Sometimes, no matter how experienced you are, you just need advice.
That’s why we offer monthly online patient case studies for FEMM-trained medical providers.
These sessions—which your generous support makes possible—give health care professionals a supportive, knowledgeable, and lively community where they can bring questions and exchange ideas.
At a typical session, a medical provider will present a real-life case they’re working on. Issues that often come up include abnormal bleeding, PCOS, and fertility issues. Participants review the patient’s history, lab results, and charts. Then discussion opens up. Everyone has the chance to ask questions and offer suggestions while talking through the underlying problem and possible treatments.
Sometimes, instead of presenting a specific patient, a participant will simply share information they think would be useful for the group to know. It’s an exciting, dynamic atmosphere, with each person bringing their own wisdom, experience, and expertise to the table.
We host three discussion sessions per month, led by Drs. Lindsay Rerko and Karen Poehailos.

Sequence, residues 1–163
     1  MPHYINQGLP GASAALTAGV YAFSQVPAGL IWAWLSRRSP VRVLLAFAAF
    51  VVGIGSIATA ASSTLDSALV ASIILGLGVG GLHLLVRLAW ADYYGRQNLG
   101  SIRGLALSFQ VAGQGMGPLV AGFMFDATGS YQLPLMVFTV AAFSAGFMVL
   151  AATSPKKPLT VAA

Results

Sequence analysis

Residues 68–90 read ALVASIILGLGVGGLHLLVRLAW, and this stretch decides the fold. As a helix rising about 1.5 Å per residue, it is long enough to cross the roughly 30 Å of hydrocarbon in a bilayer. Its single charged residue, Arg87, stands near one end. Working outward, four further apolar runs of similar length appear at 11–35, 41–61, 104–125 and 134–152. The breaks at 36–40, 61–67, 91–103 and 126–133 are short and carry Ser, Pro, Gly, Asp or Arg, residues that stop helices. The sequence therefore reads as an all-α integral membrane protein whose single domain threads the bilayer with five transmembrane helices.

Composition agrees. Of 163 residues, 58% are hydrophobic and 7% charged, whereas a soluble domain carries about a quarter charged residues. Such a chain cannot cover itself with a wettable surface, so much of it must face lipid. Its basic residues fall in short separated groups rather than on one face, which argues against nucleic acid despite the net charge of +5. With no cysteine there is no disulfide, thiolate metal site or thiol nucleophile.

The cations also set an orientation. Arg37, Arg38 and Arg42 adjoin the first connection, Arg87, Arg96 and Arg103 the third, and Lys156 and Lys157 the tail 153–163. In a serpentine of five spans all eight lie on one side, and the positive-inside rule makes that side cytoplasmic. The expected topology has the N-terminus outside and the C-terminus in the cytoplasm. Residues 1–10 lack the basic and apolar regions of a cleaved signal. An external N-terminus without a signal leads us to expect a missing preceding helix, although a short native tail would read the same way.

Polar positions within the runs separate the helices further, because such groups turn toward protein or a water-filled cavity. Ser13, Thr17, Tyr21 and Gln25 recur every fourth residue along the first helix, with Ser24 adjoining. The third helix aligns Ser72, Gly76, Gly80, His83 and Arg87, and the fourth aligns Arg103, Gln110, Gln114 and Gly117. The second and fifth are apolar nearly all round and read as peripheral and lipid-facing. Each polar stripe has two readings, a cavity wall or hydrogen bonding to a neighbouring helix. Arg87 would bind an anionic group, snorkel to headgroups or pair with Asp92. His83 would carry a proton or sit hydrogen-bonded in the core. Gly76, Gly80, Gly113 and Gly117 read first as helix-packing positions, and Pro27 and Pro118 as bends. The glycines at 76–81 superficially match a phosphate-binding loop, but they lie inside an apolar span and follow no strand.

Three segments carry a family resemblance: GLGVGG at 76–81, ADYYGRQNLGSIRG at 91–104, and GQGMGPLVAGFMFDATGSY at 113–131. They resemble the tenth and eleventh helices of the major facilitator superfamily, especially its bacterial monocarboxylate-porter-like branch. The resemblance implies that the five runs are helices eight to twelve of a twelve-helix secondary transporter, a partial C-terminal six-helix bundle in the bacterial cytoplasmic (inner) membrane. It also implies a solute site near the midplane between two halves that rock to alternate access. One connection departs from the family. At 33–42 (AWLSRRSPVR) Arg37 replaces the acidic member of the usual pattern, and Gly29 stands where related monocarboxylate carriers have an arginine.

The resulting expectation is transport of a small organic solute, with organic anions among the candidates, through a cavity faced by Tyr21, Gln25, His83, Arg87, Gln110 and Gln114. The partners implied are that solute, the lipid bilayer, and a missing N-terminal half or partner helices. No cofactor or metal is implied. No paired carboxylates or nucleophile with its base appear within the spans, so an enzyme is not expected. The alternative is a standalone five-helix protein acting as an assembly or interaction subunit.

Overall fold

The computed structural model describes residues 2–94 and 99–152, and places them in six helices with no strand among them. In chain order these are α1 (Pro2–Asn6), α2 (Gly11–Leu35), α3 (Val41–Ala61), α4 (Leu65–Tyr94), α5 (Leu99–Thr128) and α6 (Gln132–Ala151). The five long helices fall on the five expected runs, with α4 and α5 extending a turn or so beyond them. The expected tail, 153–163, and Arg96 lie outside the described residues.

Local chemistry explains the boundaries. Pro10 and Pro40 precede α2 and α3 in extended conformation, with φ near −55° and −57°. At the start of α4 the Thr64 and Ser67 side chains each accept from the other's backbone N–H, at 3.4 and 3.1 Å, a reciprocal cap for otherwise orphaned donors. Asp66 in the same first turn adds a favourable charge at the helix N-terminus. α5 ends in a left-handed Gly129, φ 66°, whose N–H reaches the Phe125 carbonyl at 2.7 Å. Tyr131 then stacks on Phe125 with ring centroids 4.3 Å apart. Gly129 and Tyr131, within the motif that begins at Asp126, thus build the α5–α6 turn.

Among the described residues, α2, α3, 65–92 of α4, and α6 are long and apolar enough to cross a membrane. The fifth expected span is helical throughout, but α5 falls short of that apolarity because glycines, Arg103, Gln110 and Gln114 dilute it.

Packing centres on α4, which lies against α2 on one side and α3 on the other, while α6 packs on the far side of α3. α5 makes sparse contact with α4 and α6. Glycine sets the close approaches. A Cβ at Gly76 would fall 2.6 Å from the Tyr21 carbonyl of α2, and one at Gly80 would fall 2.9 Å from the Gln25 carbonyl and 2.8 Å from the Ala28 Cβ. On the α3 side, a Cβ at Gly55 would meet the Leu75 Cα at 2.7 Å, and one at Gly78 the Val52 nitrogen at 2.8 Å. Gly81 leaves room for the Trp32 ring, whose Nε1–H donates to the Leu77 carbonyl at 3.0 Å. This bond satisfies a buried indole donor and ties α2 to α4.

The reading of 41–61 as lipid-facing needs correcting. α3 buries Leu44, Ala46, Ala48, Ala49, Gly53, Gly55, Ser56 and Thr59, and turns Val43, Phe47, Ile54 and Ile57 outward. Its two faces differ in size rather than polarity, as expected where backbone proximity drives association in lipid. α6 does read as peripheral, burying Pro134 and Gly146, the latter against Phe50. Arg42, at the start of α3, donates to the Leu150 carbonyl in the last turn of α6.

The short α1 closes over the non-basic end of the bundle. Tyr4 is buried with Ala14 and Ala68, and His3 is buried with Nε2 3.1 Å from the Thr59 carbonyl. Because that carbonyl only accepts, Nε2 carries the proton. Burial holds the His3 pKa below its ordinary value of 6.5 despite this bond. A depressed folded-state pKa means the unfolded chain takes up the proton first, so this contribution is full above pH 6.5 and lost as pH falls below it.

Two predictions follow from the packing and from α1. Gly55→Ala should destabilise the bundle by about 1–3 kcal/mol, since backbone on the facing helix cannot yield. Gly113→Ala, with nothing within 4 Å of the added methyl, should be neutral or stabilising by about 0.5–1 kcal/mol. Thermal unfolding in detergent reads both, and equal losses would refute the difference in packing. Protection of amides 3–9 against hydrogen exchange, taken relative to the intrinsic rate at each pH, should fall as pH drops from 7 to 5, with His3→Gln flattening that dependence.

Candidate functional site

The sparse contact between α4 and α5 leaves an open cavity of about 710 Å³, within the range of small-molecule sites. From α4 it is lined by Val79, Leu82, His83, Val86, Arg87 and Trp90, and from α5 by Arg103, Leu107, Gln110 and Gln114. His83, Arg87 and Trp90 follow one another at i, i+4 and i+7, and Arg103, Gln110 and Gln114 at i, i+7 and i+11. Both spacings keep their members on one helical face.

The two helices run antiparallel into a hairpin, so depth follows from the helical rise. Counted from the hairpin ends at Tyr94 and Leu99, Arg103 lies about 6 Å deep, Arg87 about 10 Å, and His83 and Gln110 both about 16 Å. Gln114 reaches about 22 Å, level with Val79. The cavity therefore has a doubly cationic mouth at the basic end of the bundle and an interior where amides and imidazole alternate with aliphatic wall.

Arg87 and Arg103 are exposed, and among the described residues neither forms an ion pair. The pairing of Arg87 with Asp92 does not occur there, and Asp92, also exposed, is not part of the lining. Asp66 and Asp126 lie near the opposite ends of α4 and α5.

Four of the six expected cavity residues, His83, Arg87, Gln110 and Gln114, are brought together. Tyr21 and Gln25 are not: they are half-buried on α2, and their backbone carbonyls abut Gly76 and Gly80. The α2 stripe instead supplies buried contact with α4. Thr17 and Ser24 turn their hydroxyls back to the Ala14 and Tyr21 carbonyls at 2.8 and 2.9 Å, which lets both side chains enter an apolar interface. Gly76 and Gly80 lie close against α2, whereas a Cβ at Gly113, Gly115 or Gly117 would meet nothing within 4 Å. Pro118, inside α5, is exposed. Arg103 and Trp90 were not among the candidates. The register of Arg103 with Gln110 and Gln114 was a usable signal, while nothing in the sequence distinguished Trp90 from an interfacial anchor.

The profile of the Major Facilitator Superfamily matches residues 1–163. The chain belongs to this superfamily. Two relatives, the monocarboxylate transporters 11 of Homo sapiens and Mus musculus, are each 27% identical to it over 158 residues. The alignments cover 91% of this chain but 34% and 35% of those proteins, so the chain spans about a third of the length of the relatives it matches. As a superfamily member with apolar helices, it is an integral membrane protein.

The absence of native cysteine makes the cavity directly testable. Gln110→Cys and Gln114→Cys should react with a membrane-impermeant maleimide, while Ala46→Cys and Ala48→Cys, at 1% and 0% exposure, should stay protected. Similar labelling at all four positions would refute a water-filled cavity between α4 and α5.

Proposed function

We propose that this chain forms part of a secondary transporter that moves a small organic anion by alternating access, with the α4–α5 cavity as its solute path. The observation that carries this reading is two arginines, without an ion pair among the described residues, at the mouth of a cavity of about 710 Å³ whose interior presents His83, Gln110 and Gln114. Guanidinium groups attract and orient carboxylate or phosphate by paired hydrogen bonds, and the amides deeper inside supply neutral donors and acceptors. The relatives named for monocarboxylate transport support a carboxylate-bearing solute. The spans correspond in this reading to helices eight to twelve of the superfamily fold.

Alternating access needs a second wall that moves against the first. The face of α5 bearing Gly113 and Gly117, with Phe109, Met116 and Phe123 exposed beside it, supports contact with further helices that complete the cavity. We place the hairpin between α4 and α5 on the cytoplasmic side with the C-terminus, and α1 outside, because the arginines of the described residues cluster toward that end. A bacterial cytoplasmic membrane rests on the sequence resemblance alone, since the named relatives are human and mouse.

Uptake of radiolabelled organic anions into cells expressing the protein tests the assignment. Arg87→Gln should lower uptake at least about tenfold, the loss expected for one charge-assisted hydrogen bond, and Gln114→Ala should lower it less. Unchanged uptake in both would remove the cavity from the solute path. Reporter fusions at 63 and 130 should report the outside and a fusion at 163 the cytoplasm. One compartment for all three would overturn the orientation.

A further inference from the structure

Dr. Poehailos, a family doctor from Virginia, leads case studies for medical professionals outside of the United States. People join the discussions from all over the world, including countries such as France, Ireland, Australia, and Tanzania.
“It’s a great way to be able to bounce ideas off of a group because people come to this with different experiences,” Dr. Poehailos says. “We can go back and forth and share our best knowledge.”
Sometimes, for instance, the group may realize that a treatment that’s possible in the United States isn’t available in an another country. That’s when providers have to think outside the box and brainstorm different, creative solutions. It’s an opportunity to consider women’s health care from new perspectives.
Each case study is a chance for health care providers to gain wisdom from their peers and better serve the women they care for.
As Dr. Poehailos says, at the end of the day, it’s all about “Giv[ing] these women knowledge of their bodies and hope that some things can be fixed and not just overridden.”